The insurance commissioner announced Thursday that insurance companies cannot deny Santa Clarita homeowners coverage due to the risk of brush fires for the next year, officials said.
On Thursday, Insurance Commissioner Ricardo Lara issued a mandatory one-year moratorium on insurance companies non-renewing policyholders which is set to help at least 800,000 homeowners in wildfire disaster areas in Northern and Southern California, including Santa Clarita, according to Lara’s office.
In August, the Department of Insurance released data revealing insurance companies are dropping an increasing number of residents in areas with high wildfire risk.
The number of non-renewals rose by more than 10 percent last year, the data showed.
The moratorium is the result of Senate Bill 824, authored last year by Lara while serving as a state senator in order to give temporary relief from non-renewals to residents living near a declared wildfire disaster, according to officials.
“This wildfire insurance crisis has been years in the making, but it is an emergency we must deal with now if we are going to keep the California dream of homeownership from becoming the California nightmare, as an increasing number of homeowners struggle to find coverage,” Lara said. “I am calling on insurance companies to push the pause button on issuing non-renewals for one year to give breathing room to communities and homeowners while they adapt and mitigate risks, give the Legislature time to work on additional lasting solutions, and allow California’s insurance market to stabilize.”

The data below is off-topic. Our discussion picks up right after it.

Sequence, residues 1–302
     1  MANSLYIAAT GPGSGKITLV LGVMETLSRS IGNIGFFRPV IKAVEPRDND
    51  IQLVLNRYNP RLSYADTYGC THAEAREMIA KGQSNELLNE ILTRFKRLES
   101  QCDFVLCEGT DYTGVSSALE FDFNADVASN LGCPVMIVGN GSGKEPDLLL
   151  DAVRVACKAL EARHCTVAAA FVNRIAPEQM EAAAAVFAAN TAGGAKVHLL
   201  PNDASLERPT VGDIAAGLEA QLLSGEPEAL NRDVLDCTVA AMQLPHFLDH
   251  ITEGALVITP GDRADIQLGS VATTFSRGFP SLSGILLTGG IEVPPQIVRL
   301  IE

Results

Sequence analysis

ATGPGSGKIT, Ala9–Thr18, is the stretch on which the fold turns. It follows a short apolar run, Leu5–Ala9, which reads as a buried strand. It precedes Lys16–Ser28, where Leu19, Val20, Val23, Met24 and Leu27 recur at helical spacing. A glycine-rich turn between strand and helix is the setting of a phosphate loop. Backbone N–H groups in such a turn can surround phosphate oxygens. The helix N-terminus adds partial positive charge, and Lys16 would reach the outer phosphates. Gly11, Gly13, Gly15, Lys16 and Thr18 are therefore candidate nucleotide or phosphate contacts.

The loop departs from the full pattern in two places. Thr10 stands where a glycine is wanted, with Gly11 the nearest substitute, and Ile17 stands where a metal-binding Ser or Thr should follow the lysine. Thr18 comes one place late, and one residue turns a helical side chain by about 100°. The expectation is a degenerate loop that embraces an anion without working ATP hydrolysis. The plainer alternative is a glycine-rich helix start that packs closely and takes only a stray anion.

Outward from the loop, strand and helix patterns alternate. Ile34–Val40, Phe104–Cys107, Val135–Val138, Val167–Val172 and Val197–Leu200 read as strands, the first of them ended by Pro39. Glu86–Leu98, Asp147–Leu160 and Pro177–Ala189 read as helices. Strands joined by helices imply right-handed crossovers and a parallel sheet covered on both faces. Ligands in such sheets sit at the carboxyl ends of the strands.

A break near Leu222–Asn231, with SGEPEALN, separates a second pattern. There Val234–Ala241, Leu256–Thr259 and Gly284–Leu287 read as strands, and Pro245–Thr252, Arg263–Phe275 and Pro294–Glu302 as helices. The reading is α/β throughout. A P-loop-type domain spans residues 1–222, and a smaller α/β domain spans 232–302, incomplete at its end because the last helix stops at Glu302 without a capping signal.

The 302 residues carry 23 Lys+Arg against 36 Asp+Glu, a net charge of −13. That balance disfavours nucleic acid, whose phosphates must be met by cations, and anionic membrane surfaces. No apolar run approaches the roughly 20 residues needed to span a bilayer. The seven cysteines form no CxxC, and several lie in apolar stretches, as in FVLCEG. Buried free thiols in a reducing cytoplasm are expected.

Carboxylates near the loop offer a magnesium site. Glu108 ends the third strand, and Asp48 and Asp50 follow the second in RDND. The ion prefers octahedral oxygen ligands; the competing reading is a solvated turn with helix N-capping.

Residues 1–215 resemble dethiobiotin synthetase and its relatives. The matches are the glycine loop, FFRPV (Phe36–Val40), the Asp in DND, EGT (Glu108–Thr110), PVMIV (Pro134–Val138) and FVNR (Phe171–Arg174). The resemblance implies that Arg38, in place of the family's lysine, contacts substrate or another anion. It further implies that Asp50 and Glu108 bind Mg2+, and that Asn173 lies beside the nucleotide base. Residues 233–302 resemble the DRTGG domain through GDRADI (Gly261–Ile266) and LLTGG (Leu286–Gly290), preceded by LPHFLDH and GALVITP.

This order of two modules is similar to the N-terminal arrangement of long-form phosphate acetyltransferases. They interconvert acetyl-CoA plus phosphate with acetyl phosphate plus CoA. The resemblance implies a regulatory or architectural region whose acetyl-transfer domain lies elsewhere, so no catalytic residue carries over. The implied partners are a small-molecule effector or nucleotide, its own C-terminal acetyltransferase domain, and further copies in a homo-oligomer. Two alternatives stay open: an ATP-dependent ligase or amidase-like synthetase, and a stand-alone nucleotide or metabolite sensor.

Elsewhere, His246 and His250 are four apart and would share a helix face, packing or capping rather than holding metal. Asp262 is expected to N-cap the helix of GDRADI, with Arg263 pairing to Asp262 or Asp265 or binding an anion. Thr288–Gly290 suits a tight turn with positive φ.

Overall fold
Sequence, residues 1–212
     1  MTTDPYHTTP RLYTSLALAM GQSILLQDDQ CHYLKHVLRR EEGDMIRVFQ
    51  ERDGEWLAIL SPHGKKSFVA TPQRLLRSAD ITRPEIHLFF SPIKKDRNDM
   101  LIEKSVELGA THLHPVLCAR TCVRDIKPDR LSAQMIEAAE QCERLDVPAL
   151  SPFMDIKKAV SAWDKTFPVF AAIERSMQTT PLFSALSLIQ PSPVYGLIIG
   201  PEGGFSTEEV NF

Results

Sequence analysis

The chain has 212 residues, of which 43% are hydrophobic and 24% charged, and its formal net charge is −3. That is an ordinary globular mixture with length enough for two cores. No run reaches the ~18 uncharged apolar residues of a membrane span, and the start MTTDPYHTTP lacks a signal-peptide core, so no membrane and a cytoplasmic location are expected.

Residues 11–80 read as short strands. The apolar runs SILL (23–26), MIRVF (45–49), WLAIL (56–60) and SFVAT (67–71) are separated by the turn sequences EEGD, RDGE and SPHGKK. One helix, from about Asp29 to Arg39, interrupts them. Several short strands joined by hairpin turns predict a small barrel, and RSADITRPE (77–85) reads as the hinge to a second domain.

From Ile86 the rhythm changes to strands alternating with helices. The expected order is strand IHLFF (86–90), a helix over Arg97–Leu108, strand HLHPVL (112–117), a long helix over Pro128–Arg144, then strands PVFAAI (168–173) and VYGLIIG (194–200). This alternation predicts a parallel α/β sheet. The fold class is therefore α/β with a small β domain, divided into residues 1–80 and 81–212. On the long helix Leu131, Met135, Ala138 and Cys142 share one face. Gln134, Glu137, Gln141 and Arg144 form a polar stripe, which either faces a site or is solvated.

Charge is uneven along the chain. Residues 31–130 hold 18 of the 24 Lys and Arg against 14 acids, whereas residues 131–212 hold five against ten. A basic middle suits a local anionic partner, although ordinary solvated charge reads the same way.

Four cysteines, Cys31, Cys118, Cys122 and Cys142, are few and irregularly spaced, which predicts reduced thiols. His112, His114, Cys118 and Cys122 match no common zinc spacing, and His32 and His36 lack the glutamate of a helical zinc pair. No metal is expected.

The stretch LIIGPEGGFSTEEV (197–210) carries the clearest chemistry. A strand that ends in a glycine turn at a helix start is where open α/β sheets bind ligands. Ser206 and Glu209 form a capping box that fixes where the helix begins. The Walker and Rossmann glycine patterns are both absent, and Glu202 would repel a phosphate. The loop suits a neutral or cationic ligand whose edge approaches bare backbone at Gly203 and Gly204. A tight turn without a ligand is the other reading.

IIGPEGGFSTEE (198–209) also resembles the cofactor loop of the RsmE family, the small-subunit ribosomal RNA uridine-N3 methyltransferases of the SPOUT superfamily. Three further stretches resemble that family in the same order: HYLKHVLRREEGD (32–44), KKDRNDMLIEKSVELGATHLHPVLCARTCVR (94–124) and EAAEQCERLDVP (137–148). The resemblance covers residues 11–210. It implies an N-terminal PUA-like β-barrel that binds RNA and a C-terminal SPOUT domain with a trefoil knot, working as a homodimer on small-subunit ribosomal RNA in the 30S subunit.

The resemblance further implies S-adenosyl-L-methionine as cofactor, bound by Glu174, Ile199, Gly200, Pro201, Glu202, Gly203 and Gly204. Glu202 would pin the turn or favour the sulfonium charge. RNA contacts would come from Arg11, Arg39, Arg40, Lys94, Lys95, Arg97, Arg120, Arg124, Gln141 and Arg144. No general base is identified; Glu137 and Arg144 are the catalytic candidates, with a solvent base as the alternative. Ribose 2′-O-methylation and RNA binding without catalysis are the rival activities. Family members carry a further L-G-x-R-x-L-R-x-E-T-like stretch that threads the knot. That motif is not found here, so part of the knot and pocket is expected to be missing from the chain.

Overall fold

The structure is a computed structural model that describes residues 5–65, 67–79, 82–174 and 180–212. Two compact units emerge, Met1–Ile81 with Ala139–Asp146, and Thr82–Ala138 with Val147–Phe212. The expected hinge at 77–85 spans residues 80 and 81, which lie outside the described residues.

This is the first time the department has invoked the new law, which took effect in January, according to officials.
Due to the homeowner insurance crisis extends beyond the wildfire perimeters and impacts residents statewide, Lara went a step further and called on insurance companies to voluntarily cease all non-renewals related to wildfire risk statewide until December 5, 2020, in the wake of Governor Gavin Newsom’s declaration of statewide emergency due to fires and extreme weather conditions, according to officials.
A statewide moratorium would provide all California and Santa Clarita homeowners, renters and businesses peace of mind, and allow time for stakeholders to come together to work on lasting solutions, help reduce wildfire risk and stabilize the insurance market, said officials.Do you have a news tip? Call us at (661) 298-1220, or send an email to firstname.lastname@example.org. Don’t miss a thing. Get breaking KHTS Santa Clarita News Alerts delivered right to your inbox. Report a typo or error, email Corrections@hometownstation.com
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